People, I’m sure, think, ‘big deal your free book was #1’. I can understand that but if you knew how many kindle books are free on a daily basis, well, let’s say I was really proud that day.
I also had my first book signing, which was an epic hit! Followed by my second book signing, which was an epic failure. I’ve also published three other books and had a setback with my illness. With every year there’s some good and bad. All you can do is appreciate the good, and cope with the bad.
Many, many people have contacted me both publicly and privately to say how much they love Rachel and Gavin. I love hearing that of course, but it’s still a little weird when people talk to me about the books. I lived alone with this story in my own head for so long that it’s still a little surreal to hear other people discuss it, but I love that they love it. As a writer that‘s really what I value. Not the praise, but the knowledge that other people get it. Not everyone has of course and some people are obviously not fans, but that can’t be helped. Nothing is universally loved, but it’s liked enough to spur me on.
As I look ahead to 2014 and the release of (hopefully, if all goes well) three more books and a brand new movie blog that I’ll be launching with my friend Tiffany, I want to say a special thank you to those of you who’ve supported me this year. I may not have won the publishing lottery but I’ve made lots of new friends and accomplished things I never thought were possible for me. All I want is to keep writing and entertaining. At heart that’s really what I am. The biggest thrill I get is being able to take people away from their lives, even if only for a little while. We all need that break from the mundane routine of life, and things like music, books and movies provide that.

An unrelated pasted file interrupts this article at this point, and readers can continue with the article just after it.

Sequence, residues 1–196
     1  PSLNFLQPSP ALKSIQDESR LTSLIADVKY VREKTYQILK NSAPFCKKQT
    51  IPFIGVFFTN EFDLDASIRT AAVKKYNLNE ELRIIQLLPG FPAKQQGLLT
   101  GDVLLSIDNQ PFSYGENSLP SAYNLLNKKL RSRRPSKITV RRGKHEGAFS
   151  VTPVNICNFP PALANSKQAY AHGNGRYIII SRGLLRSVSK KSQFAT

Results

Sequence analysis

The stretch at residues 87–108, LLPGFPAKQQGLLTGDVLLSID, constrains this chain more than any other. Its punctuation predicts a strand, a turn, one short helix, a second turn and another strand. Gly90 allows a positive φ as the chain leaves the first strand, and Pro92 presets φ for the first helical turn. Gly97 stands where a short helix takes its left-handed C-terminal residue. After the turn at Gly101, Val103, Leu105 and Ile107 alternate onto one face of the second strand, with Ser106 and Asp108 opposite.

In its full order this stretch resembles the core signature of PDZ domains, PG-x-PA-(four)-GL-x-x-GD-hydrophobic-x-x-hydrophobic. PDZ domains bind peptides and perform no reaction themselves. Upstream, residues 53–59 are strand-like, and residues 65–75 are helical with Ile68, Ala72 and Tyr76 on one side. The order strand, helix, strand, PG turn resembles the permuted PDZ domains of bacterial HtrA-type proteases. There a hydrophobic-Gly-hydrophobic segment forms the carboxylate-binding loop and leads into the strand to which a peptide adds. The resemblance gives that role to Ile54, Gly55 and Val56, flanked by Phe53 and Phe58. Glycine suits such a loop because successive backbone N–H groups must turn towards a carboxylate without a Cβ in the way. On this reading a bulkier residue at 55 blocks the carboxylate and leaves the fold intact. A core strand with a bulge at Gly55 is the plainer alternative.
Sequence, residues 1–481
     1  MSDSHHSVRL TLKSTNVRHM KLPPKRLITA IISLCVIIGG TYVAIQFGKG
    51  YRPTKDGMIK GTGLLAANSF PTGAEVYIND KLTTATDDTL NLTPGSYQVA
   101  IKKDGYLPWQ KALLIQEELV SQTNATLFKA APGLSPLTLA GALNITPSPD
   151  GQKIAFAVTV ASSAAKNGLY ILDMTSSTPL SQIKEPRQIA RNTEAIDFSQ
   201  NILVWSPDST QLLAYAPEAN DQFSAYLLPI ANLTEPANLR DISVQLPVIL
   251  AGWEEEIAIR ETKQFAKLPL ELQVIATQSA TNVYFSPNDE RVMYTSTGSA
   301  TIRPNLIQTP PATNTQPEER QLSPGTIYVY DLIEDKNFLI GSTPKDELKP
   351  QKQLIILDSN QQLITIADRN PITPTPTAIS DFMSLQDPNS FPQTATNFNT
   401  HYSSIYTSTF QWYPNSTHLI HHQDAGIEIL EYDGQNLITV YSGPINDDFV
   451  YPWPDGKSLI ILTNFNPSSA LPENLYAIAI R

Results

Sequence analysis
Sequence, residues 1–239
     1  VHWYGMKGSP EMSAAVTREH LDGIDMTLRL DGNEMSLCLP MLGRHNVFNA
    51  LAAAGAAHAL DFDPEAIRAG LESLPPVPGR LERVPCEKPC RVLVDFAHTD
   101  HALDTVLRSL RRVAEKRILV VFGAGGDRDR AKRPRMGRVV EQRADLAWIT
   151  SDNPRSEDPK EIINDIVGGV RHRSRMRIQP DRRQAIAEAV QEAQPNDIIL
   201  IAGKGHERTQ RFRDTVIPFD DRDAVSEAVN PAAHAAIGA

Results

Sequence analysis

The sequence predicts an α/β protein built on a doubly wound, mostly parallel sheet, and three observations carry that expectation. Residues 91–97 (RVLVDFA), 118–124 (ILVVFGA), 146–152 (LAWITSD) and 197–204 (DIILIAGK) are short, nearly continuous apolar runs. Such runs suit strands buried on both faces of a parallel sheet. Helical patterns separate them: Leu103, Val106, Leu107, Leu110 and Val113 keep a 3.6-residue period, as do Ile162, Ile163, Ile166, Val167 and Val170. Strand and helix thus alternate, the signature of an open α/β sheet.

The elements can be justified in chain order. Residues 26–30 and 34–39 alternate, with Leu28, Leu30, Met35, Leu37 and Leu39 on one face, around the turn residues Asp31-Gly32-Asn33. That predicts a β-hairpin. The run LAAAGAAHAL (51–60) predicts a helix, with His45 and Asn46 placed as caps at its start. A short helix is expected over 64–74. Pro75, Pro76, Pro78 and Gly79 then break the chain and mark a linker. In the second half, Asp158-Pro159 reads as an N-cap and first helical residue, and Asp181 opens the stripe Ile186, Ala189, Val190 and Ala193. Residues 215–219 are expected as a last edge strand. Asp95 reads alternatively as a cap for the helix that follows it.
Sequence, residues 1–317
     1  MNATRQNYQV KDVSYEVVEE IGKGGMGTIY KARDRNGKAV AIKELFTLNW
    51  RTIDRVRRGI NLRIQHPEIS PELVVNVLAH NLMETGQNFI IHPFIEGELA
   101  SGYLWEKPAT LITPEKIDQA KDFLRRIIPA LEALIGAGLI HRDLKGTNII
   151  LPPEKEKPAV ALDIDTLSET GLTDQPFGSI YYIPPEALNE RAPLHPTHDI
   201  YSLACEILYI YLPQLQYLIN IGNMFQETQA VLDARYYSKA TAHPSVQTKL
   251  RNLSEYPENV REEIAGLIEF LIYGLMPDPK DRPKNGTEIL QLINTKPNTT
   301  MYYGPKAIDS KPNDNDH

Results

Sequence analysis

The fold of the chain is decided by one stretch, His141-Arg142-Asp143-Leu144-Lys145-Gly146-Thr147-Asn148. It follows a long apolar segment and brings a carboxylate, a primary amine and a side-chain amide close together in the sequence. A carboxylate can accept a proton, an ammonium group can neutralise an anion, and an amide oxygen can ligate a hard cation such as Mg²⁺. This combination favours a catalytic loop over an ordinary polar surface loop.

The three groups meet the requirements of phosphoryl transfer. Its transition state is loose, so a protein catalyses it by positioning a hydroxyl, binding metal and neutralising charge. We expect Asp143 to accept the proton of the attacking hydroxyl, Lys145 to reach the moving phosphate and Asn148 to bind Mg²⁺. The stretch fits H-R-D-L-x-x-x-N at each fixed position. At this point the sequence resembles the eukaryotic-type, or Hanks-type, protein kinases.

So here’s to you, the readers. Thank you for reading and sharing and prodding me forward. Also here’s to the indie community. A year ago I didn’t even realize it existed but it’s proven to be a vast and supportive network from which I draw strength daily.
And here’s to 2014! It’s onward and upward from here.
I wish you the happiest of new years!
Please check out my author page today to see a complete list of my books. And ALL of them are FREE today!
Happy middle of the night to you! It’s 2:40 a.m. and here I sit, after just having finished another book. Therefore, it’s time for a blog post about me finishing a book. Are you sick of these yet? I’m doing it anyway.
This most recent book is a novella and will be part of, The Vampires of Soldiers Cove series. It’s book 3.5 if you will. So here is the order of books that are either available right now or will be in the New Year. The series is as follows.
The Vampires of Soldiers Cove
Book 1: The Vampires of Soldiers Cove (Currently available)
Book 2: The Vampires of Soldiers Cove: One Crow Sorrow (Currently available)
Book 3: The Vampires of Soldiers Cove: The Unborn (To be released April/May 2014)